SEATTLE — The world’s oldest flyable Boeing airliner will make its last flight April 26, according to officials with the Museum of Flight.
The classic twin-engine Boeing 247D from the 1930s — one of four remaining in the world, and the only one flyable — has been in the museum’s collection since 1966.
Based at the Museum’s Restoration Center on Paine Field in Everett, Wash., it was featured at airshows and other events around the country from 1994 until 2004. At noon on Tuesday April 26, the 83- year-old airliner will fly to the museum’s Boeing Field campus and be retired for permanent display.
The crew for this special flight will be two Boeing test pilots with experience at the controls of the 247, Mike Carriker and Chad Lundy. Carriker was the chief test pilot for the Boeing 787 Dreamliner, so on this trip, the world’s oldest Boeing airliner will be flown by the chief pilot of Boeing’s newest airliner.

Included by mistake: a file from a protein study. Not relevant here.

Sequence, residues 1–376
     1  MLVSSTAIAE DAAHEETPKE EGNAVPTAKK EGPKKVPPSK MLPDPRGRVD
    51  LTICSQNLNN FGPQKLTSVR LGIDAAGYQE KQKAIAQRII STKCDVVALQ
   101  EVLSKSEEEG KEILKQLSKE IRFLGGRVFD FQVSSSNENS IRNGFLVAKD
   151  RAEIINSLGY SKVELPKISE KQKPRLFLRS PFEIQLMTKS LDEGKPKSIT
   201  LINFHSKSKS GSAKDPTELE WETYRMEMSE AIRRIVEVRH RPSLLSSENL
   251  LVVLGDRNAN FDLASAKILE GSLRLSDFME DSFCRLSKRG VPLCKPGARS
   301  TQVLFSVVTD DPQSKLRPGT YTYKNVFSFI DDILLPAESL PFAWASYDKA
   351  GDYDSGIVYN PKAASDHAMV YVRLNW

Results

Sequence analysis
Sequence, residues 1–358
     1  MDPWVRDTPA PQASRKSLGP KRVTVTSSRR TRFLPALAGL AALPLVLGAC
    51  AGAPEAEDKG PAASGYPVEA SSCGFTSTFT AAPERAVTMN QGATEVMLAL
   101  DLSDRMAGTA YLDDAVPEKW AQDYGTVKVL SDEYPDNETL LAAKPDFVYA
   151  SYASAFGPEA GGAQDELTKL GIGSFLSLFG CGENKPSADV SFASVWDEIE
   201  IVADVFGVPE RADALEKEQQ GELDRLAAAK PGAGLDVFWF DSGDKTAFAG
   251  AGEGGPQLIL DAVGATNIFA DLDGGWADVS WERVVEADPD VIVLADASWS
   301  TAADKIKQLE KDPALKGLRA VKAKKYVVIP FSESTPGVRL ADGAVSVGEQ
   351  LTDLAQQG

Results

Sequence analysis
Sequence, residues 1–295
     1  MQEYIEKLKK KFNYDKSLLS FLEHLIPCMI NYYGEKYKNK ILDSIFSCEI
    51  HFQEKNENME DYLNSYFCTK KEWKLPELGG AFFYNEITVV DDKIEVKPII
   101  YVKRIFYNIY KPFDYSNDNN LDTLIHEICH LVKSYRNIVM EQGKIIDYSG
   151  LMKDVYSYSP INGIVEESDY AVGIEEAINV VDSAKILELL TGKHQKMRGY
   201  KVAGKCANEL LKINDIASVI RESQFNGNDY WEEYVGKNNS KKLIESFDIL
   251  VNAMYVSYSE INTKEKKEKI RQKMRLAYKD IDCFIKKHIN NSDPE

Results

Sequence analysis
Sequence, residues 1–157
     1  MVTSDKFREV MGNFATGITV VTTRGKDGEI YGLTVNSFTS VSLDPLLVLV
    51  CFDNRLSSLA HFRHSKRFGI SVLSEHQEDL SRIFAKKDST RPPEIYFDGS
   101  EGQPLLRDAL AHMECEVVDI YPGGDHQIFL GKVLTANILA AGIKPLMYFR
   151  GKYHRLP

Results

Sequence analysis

The date and time of the flight may change due to weather conditions, museum officials advise.
The Boeing 247D Airliner
The museum’s 247D was made in 1933, and the type is recognized as the first “modern” airliner, offering travelers unmatched speed and comfort with a sturdy, all-metal design.
Somewhat a victim of its own success, the design was soon adopted and improved by Douglas Aircraft with the DC-2 and DC-3, which quickly rendered the 247 obsolete.
The museum’s plane had a colorful career with air carriers in the U.S. and Latin America. Restoration of the plane began in 1979, with its first post-restoration flight in 1994. The plane has the livery it flew while serving United Air Lines in the mid-1930s.
The 247 will take center stage in front of the museum throughout the summer, then it will be positioned in the Aviation Pavilion next to its arch rival of the air — the Douglas DC-2.